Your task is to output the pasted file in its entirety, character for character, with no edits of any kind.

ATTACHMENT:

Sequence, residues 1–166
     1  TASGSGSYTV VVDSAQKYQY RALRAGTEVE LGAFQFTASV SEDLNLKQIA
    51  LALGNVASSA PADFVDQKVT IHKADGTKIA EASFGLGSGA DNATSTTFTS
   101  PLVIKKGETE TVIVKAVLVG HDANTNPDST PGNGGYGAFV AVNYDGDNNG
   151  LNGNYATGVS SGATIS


Sequence, residues 1–166
     1  TASGSGSYTV VVDSAQKYQY RALRAGTEVE LGAFQFTASV SEDLNLKQIA
    51  LALGNVASSA PADFVDQKVT IHKADGTKIA EASFGLGSGA DNATSTTFTS
   101  PLVIKKGETE TVIVKAVLVG HDANTNPDST PGNGGYGAFV AVNYDGDNNG
   151  LNGNYATGVS SGATIS